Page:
5. Shortages: The periodic shortages of medications and supplies is probably one of the biggest challenges we face and since 2001 the cost of medications and supplies has jumped, where newer, better, yet far more expensive medications are being prescribed. While some medications are cheaper, a number of drug companies have raised prices by huge budget breaking amounts. Further, the OECS Drug Purchasing Unit has had to step up its surveillance, as over 60 per cent of all medications are now made in India and China and serious questions are being raised over the quality of some bogus cheaper medications on the market. The periodic shortages have been reduced by the new innovative Health Information System (HIS), where Internet and computers at every clinic allow faster reordering and reporting of low supplies and a display of a patient’s current medications and illnesses and once fully implemented will help eliminate all shortages.

6. Diagnosing the correct illness in the fastest possible time and then using the most appropriate medication or surgery is the most critical phase of health care. This saves lives and averts further deterioration of the illness. Diagnosis is not a guessing game, so modern medicine requires new innovative,affordable diagnostic services and technology such as CT-Scans, MRI, Echo-Cardiograms, lab tests, etc. The new CT-Scan services at MCMH has the lowest prices in the region. The modern Diagnostic Centre in Georgetown, now completed, will also add scores of new diagnostic tools. However, diagnostic services have also come with the help of friendly nations. No one can deny that the Vision-Now! Programme provided by Cuba dramatically revolutionized eye-care for thousands of Vincentians. This programme is being continued through the Venezuelan Government as the Miracle Mission.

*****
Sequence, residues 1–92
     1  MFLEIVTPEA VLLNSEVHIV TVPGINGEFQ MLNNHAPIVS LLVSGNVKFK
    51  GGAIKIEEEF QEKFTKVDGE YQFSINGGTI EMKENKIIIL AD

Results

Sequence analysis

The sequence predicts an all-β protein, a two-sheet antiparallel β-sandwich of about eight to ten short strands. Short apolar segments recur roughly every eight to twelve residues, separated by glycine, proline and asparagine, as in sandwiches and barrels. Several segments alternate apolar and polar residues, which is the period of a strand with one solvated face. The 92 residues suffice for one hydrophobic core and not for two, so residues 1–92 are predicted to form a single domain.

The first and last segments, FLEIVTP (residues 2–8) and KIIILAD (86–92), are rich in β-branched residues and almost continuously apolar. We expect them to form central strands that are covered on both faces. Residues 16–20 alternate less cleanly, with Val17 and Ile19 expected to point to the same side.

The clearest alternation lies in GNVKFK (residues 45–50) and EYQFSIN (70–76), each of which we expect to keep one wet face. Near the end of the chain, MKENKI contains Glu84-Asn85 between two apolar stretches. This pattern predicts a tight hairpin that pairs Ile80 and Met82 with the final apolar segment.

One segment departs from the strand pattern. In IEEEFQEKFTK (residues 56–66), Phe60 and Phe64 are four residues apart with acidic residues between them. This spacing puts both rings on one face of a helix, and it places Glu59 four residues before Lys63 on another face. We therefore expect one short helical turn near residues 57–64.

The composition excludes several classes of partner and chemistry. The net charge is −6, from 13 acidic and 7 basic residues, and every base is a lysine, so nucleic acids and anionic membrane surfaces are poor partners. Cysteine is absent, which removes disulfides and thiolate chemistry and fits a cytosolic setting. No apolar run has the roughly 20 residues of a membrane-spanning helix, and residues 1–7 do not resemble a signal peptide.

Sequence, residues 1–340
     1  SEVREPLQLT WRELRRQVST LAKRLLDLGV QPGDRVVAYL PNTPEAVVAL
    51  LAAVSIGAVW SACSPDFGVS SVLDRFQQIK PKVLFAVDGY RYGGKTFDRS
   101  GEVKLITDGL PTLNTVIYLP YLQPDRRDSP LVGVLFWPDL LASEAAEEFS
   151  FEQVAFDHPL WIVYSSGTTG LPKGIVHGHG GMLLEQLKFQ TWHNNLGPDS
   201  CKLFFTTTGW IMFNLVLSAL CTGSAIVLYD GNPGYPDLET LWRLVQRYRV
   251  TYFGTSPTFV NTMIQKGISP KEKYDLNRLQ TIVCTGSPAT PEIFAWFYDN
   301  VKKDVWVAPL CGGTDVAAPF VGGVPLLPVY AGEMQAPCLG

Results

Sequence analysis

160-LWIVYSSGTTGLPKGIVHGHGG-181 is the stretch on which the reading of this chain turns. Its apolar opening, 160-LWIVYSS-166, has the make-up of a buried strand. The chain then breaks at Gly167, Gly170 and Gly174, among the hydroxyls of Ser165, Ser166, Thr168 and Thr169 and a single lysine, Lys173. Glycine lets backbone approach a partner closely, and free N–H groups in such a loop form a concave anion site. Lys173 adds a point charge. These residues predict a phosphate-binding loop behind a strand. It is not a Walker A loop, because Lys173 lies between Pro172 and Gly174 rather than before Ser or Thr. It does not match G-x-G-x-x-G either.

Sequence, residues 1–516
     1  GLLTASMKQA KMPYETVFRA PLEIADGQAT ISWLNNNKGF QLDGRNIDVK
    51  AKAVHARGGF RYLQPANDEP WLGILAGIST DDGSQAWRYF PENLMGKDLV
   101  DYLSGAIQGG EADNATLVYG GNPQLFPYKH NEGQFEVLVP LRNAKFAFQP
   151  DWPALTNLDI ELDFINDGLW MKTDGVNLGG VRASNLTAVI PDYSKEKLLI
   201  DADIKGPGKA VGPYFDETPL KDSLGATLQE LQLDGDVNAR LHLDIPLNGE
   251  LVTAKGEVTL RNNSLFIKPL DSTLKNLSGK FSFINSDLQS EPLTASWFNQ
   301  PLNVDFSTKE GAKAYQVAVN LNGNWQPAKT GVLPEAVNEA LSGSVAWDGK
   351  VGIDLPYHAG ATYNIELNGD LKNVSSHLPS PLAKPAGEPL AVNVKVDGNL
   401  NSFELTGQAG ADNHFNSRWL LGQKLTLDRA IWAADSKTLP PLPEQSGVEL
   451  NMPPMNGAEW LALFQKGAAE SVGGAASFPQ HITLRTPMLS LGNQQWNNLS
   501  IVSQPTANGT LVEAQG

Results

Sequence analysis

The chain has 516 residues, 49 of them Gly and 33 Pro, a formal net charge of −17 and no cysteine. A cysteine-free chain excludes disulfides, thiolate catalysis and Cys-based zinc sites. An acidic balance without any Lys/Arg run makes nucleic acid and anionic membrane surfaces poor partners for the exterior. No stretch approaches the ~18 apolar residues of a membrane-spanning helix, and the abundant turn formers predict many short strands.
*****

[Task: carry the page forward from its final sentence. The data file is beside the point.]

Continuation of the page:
A Cuban team completed an extensive survey of persons with various disabilities, who, in previous decades, were “the forgotten,” often hidden away by some family members as a symbol of shame. This survey formed the origins of the compassionate Lives-To-Live programme.

7. Chronic non-communicable diseases: hypertension, diabetes, obesity and cancer are the new scourge of people’s health, accounting for 60-70 per cent of deaths and 60 per cent of the cost. An EU-funded National Health and Nutrition (STEP) Survey started in 2013, has recommended extensive measures, re-education, schools, sports and nutritional support launched to combat this incursion of western style diets, etc. New thinking that sweet potato, breadfruit, soursop, etc, are great, while certain other foods are bad, needs to be reinforced. Other extensive studies in mental health and hospital management have guided ULP decisions taken, rather than the kind of arbitrary, ill-informed suggestions of the NDP. How can NDP claim to be able to cure HIV with retroviral drugs when it is anti-retroviral drugs and many others which are used?

8. The Milton Cato Memorial Hospital for decades only had three operating rooms. Early in the life of the ULP it battled with leaking roofs at the operating rooms. OBGYN – maternity patients are usually given priority for operating room time and is part of the success of St Vincent and the Grenadines in lowest maternal death rate in the region. However, patients waiting for routine elective surgery often had long delays or had to be postponed for these OBGYN or other emergency trauma cases, due to the limited operating room space. Through an EU grant, four operating rooms were reconstructed at MCMH and when the new state-of-the-art Specialized Acute Referral Hospital at the Arnos Vale Airport site is constructed additional operating room space will be available, thus eliminating any delay in time for any form of surgery and potentially attracting regional cases and valuable revenue.

( In the final part of this article in the next issue of Searchlight on November 24, I will look at the new state-of-the-art hospital the ULP intends to build.)